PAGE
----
The Healing Power of Touch


Touch is one of the core foundations of my work. Through gentle touch, talk, movement and imagery I assist my clients in entering into an intimate relationships with their bodies.  The forming of this relationship involves tuning in and listening to the body’s sensations and feelings with curiosity, kindness and respect. Touch is essential for fostering this relationship.

Why touch? Touch heightens our awareness of sensation and feeling. With awareness we can describe our sensory experience.   This process gives us a picture, or more accurately a map, of our body’s landscape.  The map informs us  about the conditions of our ground, the depressions and peaks, the places of flow and where we have been dammed.  It provides the route for finding our way home to our true selves.

Through touch we can sense and understand how the environment has impacted us.  If our environment has been unsafe, or stressful our bodies may likely be constricted, hard  or numb.  Like an icy cold wind freezing a pond we can identify the cause of the freeze instead of blaming ourselves.  With touch we can melt the frozen places.

The exploration of our physical terrain through touch provides a gateway to our innermost landscape of emotions, beliefs and connection to the soul.  It helps us to recognize, access and shore up internal resources.  Listening to our bodies can help us  identify and heal wounds caused by the harsher elements in our environment.  Like a soothing balm compassionate touch can comfort these injuries and aid in the restoration of our wholeness.

In the listening process our bodies tell the stories of our lives. I call these stories, “Bodyographies”. These stories help us to make sense of who we are.  By writing bodyographies I hope to convey the profound truth that lives in our bodies, how we can access this truth and how we can heal by knowing it.

Bodyography: A New Kind of Hip

From my second story window I watched my new client limp as she approached my door.  After welcoming her we sat and discussed why she had come to see me.  She talked about the pain in her hip.  After further discussion I invited her to lay down on my padded table.  I gave her time to settle and sense her body making contact with it.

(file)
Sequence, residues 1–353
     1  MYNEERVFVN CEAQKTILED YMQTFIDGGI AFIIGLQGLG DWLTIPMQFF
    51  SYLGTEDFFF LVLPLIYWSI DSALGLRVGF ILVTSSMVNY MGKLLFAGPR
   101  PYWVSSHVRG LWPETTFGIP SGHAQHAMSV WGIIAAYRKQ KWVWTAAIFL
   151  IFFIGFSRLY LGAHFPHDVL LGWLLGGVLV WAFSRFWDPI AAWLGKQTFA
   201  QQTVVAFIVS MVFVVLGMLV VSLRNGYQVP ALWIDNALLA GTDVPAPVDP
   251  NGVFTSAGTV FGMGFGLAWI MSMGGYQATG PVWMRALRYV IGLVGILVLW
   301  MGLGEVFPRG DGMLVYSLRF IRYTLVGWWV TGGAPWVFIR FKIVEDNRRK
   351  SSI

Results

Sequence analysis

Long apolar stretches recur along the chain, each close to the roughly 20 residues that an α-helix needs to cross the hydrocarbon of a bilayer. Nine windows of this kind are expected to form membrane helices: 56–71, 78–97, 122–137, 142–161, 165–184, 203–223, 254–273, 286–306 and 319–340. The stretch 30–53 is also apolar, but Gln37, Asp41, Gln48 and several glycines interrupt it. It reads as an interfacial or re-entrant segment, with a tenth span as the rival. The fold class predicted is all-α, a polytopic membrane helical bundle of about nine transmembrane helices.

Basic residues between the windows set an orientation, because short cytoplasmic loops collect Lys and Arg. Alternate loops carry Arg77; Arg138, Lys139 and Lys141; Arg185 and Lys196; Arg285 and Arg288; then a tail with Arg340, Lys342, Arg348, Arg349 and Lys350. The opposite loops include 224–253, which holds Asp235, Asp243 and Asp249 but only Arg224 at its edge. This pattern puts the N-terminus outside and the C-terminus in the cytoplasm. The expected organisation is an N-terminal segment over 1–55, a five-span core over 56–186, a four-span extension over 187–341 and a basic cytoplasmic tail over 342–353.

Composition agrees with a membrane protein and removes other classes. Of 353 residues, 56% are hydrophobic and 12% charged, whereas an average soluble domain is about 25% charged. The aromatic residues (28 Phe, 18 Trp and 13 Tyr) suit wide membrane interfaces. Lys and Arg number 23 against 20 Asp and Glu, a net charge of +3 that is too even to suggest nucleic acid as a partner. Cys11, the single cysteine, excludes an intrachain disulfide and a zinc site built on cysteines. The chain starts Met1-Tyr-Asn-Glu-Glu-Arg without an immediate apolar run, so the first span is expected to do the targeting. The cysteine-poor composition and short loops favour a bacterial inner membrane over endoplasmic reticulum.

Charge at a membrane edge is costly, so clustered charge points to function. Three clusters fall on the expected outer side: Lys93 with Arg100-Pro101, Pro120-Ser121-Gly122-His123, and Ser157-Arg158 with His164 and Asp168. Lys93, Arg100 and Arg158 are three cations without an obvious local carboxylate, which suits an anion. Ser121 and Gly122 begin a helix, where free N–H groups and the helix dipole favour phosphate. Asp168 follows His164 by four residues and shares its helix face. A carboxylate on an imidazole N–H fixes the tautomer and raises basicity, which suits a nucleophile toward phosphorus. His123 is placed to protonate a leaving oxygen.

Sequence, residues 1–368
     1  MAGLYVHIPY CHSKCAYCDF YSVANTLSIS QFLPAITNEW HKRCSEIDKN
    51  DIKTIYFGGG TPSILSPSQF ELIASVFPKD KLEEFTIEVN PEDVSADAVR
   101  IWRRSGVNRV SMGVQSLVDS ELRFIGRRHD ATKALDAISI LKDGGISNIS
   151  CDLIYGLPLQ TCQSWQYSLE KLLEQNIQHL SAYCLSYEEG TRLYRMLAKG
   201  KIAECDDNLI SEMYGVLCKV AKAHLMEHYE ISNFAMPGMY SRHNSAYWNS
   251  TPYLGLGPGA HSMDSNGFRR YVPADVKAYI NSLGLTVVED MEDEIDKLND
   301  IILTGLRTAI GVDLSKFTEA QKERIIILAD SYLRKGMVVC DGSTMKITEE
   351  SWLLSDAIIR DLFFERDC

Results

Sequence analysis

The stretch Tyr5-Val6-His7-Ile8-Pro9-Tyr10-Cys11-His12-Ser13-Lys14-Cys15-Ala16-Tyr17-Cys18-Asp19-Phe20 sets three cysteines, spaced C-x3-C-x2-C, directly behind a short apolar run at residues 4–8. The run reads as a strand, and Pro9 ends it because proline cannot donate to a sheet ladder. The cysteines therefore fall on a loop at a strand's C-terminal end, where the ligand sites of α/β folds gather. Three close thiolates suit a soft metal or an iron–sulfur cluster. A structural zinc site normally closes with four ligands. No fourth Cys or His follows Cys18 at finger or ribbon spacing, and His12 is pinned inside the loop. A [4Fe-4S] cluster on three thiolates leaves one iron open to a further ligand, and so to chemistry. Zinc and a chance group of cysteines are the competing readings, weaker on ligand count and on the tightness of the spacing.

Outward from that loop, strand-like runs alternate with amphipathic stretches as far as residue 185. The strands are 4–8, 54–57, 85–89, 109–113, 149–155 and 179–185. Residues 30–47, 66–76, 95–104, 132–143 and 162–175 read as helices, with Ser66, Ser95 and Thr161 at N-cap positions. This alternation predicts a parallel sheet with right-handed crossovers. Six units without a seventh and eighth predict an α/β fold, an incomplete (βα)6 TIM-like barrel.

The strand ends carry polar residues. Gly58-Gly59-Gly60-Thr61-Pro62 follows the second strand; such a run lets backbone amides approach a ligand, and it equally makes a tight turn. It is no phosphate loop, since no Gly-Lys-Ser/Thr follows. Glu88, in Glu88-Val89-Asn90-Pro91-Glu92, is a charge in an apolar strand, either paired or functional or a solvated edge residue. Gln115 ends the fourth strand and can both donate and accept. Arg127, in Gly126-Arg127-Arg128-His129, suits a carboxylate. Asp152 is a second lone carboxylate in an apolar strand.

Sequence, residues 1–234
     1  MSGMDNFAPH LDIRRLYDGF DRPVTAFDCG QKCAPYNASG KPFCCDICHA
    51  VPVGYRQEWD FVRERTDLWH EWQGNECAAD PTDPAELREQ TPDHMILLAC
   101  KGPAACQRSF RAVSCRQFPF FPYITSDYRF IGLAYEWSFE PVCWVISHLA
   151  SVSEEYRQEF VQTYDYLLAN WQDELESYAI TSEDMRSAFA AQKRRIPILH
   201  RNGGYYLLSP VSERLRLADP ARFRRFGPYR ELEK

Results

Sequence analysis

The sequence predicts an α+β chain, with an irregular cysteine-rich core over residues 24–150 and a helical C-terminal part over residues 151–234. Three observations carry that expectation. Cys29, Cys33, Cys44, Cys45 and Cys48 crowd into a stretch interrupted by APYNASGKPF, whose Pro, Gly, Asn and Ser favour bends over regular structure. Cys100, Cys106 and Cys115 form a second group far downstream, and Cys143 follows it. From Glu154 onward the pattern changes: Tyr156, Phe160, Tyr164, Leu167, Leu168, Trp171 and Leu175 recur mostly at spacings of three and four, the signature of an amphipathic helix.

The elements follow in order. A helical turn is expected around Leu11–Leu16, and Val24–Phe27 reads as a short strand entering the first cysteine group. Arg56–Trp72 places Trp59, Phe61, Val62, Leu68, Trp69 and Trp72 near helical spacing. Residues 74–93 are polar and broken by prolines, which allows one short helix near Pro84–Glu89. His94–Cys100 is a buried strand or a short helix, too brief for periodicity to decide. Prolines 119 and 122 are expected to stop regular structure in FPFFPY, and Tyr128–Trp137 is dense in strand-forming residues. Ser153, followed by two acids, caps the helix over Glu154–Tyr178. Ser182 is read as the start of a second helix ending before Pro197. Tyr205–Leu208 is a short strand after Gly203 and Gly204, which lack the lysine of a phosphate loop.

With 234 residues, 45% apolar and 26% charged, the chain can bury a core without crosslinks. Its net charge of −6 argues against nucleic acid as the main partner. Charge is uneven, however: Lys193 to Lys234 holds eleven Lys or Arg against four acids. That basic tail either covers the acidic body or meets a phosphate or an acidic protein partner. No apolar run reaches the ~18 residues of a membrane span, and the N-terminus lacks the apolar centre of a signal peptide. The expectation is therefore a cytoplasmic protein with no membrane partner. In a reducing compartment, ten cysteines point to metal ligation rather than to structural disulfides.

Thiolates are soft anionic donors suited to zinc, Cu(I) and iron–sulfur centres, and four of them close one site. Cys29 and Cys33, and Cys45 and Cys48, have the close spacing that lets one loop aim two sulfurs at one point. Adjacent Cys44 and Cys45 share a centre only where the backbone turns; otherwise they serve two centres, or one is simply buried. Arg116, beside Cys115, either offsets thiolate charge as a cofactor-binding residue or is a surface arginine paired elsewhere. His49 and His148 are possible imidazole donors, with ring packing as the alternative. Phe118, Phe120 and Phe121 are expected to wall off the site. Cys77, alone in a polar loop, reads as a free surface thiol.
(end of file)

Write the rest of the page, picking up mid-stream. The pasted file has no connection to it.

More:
My first touch was at her feet. I gently invited a side-to-side motion to see how much movement there was in her hips. There was  little movement. I sensed how tightly held her hips were.  I moved towards the painful one.  I slid one hand under her buttock, supported her hip and placed my other hand on top gently sandwiching  it.

I was amazed how my contact evoked such an immediate response.  I noticed that the color in her face had changed and sensed emotion rising to the surface.  She said she was wanted to disconnect from me and avoid the feeling she was having.  By articulating her experience she was able to stay connected. “It feels like love.” She began sobbing and continued saying, “I haven’t felt this before.”  Her grief was palpable.

When her tears subsided she talked about her mother. Although she didn’t say it, I sensed the lack of love she felt was connected to her. She shared that her mother cannot walk.  Then added, “I’m afraid I’m like my mother.” 

This phrase echoed inside of me.  In her tone I heard that not only had she feared losing her ability to walk, but that she also feared being like her mother in other ways. Ways she did not like.

I realized she needed to differentiate from her mother.  With my hands still on her hip, I directed her to say, “I’m not my mother”.   I had her repeat this three times as I slid my hands down her leg and out through her foot. Her hip easily opened to the point that her calf freely hung over the edge of the table.   Relieved she said, “I’ve been living with this fear for 60 years.”

She marveled as she came to standing and said, “I feel like I have a new hip.  I FEEL NEW.”

Walking around the table she reflected upon what she had experienced.  Her hip  brought her to a new undertanding about her relationship with her mother.  With clarity she said, "I feel a connection  with my mother when I am sad, but I can't be happy and feel loved." 

Our primary relationships shape how we relate to ourselves and others.  Through touch the dynamics of my client's relationship with her mother became clear.  Through touch the pairing of  love  and connection  had begun.  Through touch my client became aware of the cost she has to pay to for this relationship.  Through touch my client awakened to the possibility of  being happy.

What place in your body needs love, attention and care?   Gently place your hand there.  Describe what you sense and feel.  Imagine that this place could speak.  What would it say to you?  With intention visualize sending this place love. Notice what changes.